Many thanks to SWLing Post contributor, Michael Schuster, who shares the following guest post:
Vlado works his magic on my Sony CRF-160
by Michael Schuster
Back in the 1970’s my grandfather gifted this solid-state portable to me as it was more than he needed. It was the first “real” radio I can remember owning, and it initiated my habit of scanning the dials into the wee hours of the morning. I began my serious SWLing using this set as it had excellent sensitivity, dual conversion design, big booming audio, and generous bandspread tuning for each major SW broadcast band.
One of the best-known SWL programs at the time was Happy Station on Radio Nederland, and I have distinct memories of listening in our back yard one summer afternoon when the show came up on the African Service over the Madagascar relay. My family was astonished at the program coming from so far away and even more so when Tom Meijer happened to read my letter over the air during the mailbag segment!
Fast forward many years (and two moves) later, it sat on a shelf until, trying it out again, I was dismayed to find both slide rule tuning dials, and the rotary drum band selector, to be frozen in place. And so there it sat until….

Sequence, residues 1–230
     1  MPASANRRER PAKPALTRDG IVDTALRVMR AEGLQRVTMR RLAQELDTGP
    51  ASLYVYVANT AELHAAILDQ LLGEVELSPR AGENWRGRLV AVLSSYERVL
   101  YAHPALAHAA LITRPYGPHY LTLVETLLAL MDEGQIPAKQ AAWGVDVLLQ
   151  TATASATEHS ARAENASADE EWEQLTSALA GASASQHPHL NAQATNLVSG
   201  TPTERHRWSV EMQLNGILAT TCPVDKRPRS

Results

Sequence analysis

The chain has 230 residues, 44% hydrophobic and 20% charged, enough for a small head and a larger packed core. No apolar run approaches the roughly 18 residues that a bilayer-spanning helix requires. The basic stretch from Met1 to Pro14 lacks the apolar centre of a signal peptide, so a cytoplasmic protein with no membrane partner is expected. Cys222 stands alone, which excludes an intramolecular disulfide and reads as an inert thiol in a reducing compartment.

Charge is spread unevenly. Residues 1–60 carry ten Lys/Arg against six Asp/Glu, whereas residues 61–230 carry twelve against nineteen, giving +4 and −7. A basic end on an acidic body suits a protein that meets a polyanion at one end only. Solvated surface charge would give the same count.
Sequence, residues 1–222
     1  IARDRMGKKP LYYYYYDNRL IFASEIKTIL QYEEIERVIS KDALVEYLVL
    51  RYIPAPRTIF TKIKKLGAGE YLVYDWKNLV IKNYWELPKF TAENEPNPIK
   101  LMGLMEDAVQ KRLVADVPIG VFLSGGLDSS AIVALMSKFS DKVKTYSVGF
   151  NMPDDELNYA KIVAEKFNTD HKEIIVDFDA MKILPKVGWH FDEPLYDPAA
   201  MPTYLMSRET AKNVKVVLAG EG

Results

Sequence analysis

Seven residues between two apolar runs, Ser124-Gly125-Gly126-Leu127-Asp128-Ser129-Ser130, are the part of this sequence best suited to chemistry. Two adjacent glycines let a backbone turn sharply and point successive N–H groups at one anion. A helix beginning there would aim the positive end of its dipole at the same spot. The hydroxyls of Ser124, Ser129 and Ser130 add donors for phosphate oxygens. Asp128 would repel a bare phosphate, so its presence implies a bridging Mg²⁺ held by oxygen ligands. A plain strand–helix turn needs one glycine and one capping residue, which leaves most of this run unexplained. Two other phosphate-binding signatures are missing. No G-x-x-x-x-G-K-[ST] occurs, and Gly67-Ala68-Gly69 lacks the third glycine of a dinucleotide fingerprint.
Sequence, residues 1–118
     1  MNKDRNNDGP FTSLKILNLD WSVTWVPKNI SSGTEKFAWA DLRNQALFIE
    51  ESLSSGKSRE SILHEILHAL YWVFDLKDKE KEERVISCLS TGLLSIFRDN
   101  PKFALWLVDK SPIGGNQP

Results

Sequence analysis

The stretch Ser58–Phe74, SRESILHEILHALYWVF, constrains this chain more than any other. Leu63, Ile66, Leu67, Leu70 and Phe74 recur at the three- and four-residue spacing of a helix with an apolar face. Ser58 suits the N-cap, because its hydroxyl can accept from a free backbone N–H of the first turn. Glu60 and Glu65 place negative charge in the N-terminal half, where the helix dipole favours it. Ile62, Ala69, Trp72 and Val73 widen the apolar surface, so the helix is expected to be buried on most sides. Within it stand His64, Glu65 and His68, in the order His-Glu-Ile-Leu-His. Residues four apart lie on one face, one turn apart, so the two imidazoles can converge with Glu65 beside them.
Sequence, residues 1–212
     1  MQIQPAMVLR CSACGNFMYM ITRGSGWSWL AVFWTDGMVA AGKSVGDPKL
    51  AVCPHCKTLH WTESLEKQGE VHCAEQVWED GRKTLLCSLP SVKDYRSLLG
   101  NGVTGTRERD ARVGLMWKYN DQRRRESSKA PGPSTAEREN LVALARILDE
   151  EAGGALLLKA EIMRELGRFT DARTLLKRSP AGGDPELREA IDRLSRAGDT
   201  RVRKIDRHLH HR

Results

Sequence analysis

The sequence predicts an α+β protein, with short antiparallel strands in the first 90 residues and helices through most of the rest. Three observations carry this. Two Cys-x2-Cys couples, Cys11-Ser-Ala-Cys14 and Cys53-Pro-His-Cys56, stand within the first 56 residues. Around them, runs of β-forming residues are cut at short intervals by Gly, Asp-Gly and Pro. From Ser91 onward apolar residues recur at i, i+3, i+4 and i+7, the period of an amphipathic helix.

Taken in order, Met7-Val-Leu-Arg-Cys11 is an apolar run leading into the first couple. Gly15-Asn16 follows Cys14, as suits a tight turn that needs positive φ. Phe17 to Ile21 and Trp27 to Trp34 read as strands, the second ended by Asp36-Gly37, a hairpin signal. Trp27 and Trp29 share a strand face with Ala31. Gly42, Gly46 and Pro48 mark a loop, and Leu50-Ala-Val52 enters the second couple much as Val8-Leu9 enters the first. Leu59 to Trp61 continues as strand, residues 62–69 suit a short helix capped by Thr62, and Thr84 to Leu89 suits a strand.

In a few online forums I kept hearing about a magician named Vlado at Ham Radio Repair. He specializes in restoring old sets, and has the courage and curiosity to tackle just about anything. Thinking this might be my last chance to bring this fossil back to life, and armed with a scanned copy of the service manual downloaded from the Radio Museum web site (the Internet is a marvelous thing) I began a several months’ long email exchange with Vlado entitled “Would you be willing to work on…”
He is chronically swamped with sets to work on, and has little room to store pending jobs, but was more than willing to have a look. Several months, and one pandemic later, we touched base again and I arranged to ship this monster off to him. Vlado is especially interested in the stories behind old hardware, so I shared its history with him as it adds that extra “human factor”.